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We have all seen optical illusions, but auditory illusions are a bit rarer. Here is an example I remember reading about years ago. Hearing a spoken phrase repeatedly can make it sound as if it is sung. And after that, you can't hear it as not being sung!

http://deutsch.ucsd.edu/psychology/pages.php?i=212

(This is also a good example of experimental method because of the various ways they demonstrate that the effect is real and the same for multiple listeners.)

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38 minutes ago, Strange said:

We have all seen optical illusions, but auditory illusions are a bit rarer. Here is an example I remember reading about years ago. Hearing a spoken phrase repeatedly can make it sound as if it is sung. And after that, you can't hear it as not being sung!

http://deutsch.ucsd.edu/psychology/pages.php?i=212

(This is also a good example of experimental method because of the various ways they demonstrate that the effect is real and the same for multiple listeners.)

Bearing in mind I'm pretty deaf but can hear what's being said, only the 3rd demo is sing-songy for me.

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4 minutes ago, StringJunky said:

Bearing in mind I'm pretty deaf but can hear what's being said, only the 3rd demo is sing-songy for me.

That's interesting, because that is the one where listeners are singing what they heard. So you can hear the change in pitch there.

Presumably, there must be some other information, in particular frequency ranges maybe, that is required for the illusion to work, that you don't pick up on.

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6 minutes ago, Strange said:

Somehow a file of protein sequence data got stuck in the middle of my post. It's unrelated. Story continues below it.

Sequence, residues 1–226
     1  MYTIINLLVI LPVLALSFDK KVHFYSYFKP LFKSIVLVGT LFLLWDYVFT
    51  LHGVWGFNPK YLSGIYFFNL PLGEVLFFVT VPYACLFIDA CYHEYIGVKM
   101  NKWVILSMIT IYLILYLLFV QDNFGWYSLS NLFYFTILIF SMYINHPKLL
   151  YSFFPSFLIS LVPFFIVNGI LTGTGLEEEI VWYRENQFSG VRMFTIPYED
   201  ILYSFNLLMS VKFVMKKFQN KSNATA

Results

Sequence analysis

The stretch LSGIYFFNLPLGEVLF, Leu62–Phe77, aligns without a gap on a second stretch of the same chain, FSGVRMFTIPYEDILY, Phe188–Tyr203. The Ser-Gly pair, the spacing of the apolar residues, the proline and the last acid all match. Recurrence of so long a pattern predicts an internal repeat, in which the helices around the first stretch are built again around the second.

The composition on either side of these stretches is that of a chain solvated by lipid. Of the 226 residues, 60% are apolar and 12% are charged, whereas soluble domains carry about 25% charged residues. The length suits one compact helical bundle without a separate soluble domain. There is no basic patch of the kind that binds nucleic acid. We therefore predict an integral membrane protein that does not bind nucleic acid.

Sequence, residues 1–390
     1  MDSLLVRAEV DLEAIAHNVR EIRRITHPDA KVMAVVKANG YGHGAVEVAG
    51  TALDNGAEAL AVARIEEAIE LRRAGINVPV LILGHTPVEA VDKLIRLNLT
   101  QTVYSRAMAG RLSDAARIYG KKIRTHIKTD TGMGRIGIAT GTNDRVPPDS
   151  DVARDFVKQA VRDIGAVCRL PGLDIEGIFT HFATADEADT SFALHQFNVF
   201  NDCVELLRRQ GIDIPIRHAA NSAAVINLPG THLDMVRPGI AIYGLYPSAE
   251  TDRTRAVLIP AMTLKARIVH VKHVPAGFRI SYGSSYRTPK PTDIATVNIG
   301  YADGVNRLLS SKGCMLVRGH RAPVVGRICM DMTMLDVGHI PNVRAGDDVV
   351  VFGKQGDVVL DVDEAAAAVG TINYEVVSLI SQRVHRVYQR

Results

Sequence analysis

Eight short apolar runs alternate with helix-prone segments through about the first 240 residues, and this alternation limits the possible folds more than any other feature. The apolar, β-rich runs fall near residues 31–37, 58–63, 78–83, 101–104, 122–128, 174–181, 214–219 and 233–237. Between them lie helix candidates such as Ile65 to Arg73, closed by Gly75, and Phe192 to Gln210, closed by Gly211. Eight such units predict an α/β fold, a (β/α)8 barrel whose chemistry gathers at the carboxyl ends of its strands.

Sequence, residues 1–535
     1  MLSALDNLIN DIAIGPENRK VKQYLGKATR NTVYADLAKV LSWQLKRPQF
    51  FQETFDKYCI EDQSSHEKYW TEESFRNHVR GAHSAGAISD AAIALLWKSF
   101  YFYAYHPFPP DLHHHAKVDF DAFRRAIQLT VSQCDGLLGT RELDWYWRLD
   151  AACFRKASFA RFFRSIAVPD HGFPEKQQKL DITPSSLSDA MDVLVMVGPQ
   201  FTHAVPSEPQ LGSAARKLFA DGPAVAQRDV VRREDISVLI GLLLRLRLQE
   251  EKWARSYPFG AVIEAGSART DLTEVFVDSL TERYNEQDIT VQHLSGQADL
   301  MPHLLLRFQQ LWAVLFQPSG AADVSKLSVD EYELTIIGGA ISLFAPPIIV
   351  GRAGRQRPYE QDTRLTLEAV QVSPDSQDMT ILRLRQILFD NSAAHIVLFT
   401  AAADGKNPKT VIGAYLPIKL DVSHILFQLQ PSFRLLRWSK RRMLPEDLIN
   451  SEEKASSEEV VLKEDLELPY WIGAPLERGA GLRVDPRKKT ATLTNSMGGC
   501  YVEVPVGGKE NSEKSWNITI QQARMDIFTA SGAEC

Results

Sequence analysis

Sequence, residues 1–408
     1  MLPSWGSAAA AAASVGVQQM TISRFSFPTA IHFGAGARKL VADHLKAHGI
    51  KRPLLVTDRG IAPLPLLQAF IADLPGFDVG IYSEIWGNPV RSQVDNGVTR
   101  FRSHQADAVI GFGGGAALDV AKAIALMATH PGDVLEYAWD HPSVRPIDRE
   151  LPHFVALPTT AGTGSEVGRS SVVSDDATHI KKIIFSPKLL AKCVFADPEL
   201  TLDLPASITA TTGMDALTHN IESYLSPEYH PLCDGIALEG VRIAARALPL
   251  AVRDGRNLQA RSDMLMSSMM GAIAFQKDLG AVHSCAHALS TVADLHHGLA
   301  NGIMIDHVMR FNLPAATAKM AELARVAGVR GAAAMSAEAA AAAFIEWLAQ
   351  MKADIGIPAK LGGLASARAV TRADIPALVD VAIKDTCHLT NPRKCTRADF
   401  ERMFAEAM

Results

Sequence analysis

That's interesting, because that is the one where listeners are singing what they heard. So you can hear the change in pitch there.

Presumably, there must be some other information, in particular frequency ranges maybe, that is required for the illusion to work, that you don't pick up on.

Yes, I'm pretty tone deaf, as expected. My experience as a deaf person would probably help isolate the effect; it won't turn into song, as hard as I try. Try blocking one ear off and see if you still get the effect. I'm only hearing in one ear... I only wear one aid. I'm speculating it might require two ears to work.

Edited by StringJunky

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55 minutes ago, Strange said:

We have all seen optical illusions, but auditory illusions are a bit rarer. Here is an example I remember reading about years ago. Hearing a spoken phrase repeatedly can make it sound as if it is sung. And after that, you can't hear it as not being sung!

http://deutsch.ucsd.edu/psychology/pages.php?i=212

(This is also a good example of experimental method because of the various ways they demonstrate that the effect is real and the same for multiple listeners.)

I have listened to this auditory illusion before, I think from a documentary called Mind Works on Da Vinci Learning :) 

I listened to all seven sound demos and no matter if the sentence is sung or spoken, I always hear it as singing. This confirms what you said that you can't hear the sentence as not being sung!